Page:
COMMUNITY CORRECTIONS: An individual who works with offenders on probation or parole in the community, some of whom are living in halfway houses. Several different settings are possible for employment in community corrections. Different levels of education are required from certificate to higher degrees.

top

COMMUNITY REINTEGRATION SPECIALIST: An individual who works with those who have served their sentence in prison and are trying to come back into the community. Convicts need help in finding employment, housing, and staying out of legal trouble. The Denver Women’s Facility is one example of an employment site for this type of work.

top

CORRECTIONS OFFICER: One who is in charge of maintaining persons in a prison facility. The Colorado Department of Corrections also operates community based facilities as well as all security levels of prisons.

top

COURT REPORTER: A stenographer who records and transcribes on a stenograph verbatim all statements and testimony in court.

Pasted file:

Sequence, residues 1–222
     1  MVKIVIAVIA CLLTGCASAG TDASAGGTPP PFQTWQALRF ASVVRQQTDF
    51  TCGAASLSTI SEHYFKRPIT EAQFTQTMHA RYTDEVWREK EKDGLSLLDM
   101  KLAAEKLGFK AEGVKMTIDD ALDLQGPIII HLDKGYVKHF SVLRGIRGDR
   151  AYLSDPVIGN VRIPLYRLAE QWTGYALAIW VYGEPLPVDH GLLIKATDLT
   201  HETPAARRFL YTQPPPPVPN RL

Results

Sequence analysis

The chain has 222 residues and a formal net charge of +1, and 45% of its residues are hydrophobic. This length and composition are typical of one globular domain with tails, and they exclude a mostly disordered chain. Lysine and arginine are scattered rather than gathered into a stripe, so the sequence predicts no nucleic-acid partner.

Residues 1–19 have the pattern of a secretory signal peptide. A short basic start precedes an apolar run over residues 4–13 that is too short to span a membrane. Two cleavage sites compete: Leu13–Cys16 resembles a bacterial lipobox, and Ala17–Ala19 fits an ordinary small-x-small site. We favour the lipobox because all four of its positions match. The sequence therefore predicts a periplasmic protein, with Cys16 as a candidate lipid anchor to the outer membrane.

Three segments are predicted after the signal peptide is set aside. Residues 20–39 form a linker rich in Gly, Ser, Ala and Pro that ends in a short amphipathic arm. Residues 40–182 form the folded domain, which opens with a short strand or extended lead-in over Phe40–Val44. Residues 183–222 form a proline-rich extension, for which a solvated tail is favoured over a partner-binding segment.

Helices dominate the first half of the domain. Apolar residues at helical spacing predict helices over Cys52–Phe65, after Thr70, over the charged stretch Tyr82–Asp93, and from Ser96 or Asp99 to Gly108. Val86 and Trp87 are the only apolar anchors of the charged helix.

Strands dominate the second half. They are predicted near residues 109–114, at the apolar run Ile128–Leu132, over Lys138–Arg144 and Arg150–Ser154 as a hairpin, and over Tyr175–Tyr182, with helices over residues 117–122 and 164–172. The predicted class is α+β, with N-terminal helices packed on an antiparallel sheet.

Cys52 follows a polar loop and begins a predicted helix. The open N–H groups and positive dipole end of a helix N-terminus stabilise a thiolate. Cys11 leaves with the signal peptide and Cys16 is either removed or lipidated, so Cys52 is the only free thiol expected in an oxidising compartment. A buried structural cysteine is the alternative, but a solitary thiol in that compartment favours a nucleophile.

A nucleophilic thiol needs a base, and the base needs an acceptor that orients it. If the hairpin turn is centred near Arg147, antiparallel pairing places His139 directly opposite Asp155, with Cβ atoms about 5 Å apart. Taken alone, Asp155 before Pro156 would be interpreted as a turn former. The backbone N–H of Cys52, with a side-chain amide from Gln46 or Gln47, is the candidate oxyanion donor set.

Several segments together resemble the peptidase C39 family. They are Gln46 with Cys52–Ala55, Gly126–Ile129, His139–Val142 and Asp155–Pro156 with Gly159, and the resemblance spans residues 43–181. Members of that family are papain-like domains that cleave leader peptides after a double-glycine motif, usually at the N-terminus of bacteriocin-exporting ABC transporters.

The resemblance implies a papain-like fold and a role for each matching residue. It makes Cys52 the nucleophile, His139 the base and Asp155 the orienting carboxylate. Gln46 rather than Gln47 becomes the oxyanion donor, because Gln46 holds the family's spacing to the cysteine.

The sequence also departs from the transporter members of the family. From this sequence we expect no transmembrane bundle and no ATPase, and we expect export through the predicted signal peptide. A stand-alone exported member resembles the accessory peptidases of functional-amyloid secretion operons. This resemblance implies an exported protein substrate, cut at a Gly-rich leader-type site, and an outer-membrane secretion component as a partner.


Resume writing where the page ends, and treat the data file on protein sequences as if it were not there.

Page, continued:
top

CRIME SCENE INVESTIGATOR: Crime scene investigators are law enforcement professionals who work in conjunction with police or agency detectives to process and document evidence that is found at the scene of a crime. These individuals might also work in a lab analyzing that evidence. According to the Bureau of Labor Statistics, job opportunities for forensic technicians are expected to grow at a much faster than average rate for the next decade. The majority of CSE work is found in urban or suburban areas. The majority of positions in the field require, minimally, a bachelor’s degree. A degree in psychology, criminology, social or physical sciences, or forensics will make an applicant more competitive. In order to be eligible for jobs such as lab director or CSE supervisor, a master’s degree or doctorate, with several years experience in forensic science is needed.

top

CRIME SCENE TECHNICIAN: Criminalist who utilizes forensic chemistry/criminalistics to find clues and gather evidence left at the scene of a crime. Some positions require strong science background (biology, chemistry, physics) but not all.

top